For many years now, Intrinsyc has been releasing Qualcomm mobile development platforms that that are used by companies wanting to design and manufacture smartphones or other products based on Snapdragon processors. Those are usually full featured, including a smartphone display, and well suited to such product development.
Their latest development kit is the Open-Q 600 HDK (Hardware Development Kit) powered by Qualcomm Snapdragon 660 SoC, an upgrade to Snapdragon 653 with about 20 percent improvement in CPU performance, and 30 percent in GPU performance. The kit is also equipped with 6GB RAM, 64GB flash, a display, wireless modules, sensors, camera interfaces, expansion headers, and more.
Intrinsyc Open-Q 600 specifications:
- SoC – Qualcomm Snapdragon 660 octa-core processor with
- Four Kryo 260 performance cores @ up to 2.2GHz, four Kryo 260 low power cores @ up to 1.8GHz
- Adreno 512 GPU @ up to 650 MHz supporting OpenGL ES 3.0/3.2, Vulkan, DX12 FL 12, OpenCL 2.0 full profile
- Hexagon 680 DSP with Hexagon Vector eXtensions (dual-HVX512) designed for 784 MHz
- Memory – 6GB LPDDR4x
- Storage – 64GB eMMC 5.1 flash (combined with LPDDR4x RAM in eMCP package), microSD slot
- Display / Video Output
- 2x 4-lane MIPI-DSI connector + touch panel support
- Optional 5.7″ AMOLED display with 1920×1080 resolution, PCAP touch panel, via 4-lane MIPI DSI interface
- DisplayPort 1.3 on USB 3.1 Type C port up to 2560×1600 (WQXGA) @ 60fps
- Camera I/F
- 3x 4-lane MIPI CSI interfaces with 3D camera support
- Optional camera board with 2x rear-facing 13MP sensors (Samsung S5K3M2) and 1x front-facing 8MP sensor (OmniVision OV8856)
- Dual 14-bit Qualcomm Spectra ISPwith support for: 16 + 16 MP, 540 MHz each; 24MP30 ZSL with dual ISP; 16 MP 30 ZSL with a single ISP
- Video Support
- Encode – 4K30 HEVC/H.264/VP8/MPEG4
- Decode – 4K30 8-bit: H.264/VP8/VP9, 4K30 10-bit: HEVC
- Concurrent – 1080p60 Decode + 1080p30 Encode
- Audio – Qualcomm WCD9335 audio codec; audio expansion headers; 3.5mm ANC headset jack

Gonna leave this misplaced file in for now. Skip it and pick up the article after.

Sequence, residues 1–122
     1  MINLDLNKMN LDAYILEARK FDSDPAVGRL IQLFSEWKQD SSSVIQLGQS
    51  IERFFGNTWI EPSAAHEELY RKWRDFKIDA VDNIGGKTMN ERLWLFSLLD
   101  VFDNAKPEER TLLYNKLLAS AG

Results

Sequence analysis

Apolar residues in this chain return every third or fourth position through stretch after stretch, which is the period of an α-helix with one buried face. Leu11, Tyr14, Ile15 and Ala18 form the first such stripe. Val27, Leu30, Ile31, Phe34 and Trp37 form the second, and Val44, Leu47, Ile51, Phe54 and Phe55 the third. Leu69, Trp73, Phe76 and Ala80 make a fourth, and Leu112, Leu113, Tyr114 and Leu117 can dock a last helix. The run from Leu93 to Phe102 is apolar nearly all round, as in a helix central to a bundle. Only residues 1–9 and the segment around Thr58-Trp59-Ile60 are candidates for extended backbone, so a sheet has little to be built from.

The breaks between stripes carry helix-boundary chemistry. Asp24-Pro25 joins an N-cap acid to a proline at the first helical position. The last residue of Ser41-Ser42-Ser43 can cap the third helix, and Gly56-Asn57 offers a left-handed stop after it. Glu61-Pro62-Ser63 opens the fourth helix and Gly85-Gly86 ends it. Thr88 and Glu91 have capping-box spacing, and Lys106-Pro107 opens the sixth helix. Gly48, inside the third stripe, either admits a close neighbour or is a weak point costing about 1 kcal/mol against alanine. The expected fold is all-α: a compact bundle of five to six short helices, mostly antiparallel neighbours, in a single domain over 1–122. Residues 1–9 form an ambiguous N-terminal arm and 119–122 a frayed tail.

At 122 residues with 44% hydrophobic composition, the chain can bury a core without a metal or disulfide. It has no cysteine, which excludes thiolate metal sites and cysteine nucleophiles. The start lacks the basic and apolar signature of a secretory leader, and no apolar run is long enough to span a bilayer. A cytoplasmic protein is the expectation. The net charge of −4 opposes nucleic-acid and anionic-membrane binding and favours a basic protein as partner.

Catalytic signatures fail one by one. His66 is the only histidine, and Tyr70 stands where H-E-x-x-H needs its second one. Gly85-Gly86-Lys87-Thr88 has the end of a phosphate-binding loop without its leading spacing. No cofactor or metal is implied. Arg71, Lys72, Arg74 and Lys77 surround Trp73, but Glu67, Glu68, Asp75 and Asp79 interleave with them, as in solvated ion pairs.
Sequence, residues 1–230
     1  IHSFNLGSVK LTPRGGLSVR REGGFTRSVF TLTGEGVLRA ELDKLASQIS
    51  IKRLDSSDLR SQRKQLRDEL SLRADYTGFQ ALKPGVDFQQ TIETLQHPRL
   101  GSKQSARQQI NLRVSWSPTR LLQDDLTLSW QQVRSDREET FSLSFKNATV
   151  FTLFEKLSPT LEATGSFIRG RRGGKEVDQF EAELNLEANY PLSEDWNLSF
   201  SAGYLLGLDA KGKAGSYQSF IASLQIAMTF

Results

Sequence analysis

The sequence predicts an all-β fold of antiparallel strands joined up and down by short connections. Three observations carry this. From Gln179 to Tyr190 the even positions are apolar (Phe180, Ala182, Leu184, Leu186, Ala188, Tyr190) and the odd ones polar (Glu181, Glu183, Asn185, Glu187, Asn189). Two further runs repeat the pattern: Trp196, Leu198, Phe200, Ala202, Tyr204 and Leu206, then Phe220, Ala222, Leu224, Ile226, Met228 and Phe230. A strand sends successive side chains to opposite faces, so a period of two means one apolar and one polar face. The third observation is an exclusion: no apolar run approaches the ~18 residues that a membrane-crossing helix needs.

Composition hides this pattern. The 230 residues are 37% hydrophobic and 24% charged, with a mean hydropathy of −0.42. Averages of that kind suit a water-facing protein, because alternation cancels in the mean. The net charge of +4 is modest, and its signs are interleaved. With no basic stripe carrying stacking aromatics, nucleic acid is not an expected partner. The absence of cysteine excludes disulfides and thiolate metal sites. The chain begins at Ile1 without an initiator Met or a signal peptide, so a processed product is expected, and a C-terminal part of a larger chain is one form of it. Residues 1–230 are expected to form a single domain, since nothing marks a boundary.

- Wireless Connectivity
- Dual band (2.4/5GHz) 802.11 b/g/n/ac 1×1 MU-MIMO WiFi with MH4L antenna connector and PCB antenna
- Bluetooth 5 BLE
- GNSS – GPS/GLONASS/COMPASS/Galileo via Qualcomm SDR660 GNSS receiver with PCB antenna and SMA connector option
- 20-pin NFC expansion header
- USB – 2x USB 2.0 host ports, 1x micro USB port (for debugging), 1x USB type C port
- Expansion I/Os – I2S, SPI, GPIO, JTAG, 24-pin sensor I/O for optional STMicro sensor board
- Battery – Optional 3,000 mAh Li-Ion battery
- Power Supply – 12V/5A input from included wall adapter; Qualcomm Power and Battery Management (PM660 + PM660A + SMB1381)
- Dimensions – 170 x 170mm (Mini-ITX form factor)
The platform supports Android 7 Nougat, but there’s not too much public information about software support, except that “Users of the Open-Q 660 Development Kit will receive product documentation and access to complimentary tools and software updates, and additional technical support or product development assistance through Intrinsyc’s technical support services”.
The early adopter version of the kit can be pre-ordered for $999, not including optional display or camera board, which respectively add $210 and $250. The optional battery is not shown in the order page, all orders are subject to approval from the company, and kits should be shipped by the end of October. Visit the product page for additional information.
Jean-Luc started CNX Software in 2010 as a part-time endeavor, before quitting his job as a software engineering manager, and starting to write daily news, and reviews full time later in 2011.
When I worked for Qualcomm, we had to check these out for tests. The ones they had had a spot for the radios, and the PMIC was broken out. I’m guessing for these external models, you don’t play with these that much.
I wish they weren’t so damn expensive, would be cool to have one to play with.
I might mention that the debugger there was Lauterbach. Not sure what they support with this or the tool chain they release.
That’s great. This is the first time I’ve seen any mention of a Qualcomm midrange chip supporting 10-bit hevc.
They’re just damned expensive. Like jim st, I worked with some of these as target hardware when I was a build engineer at QUIC. Nice boards, really, but DAAAAaaamn…thousand dollars? I can work with NVidia’s parts for half or less of that and they’re roughly in the same classes. Sorry, but no.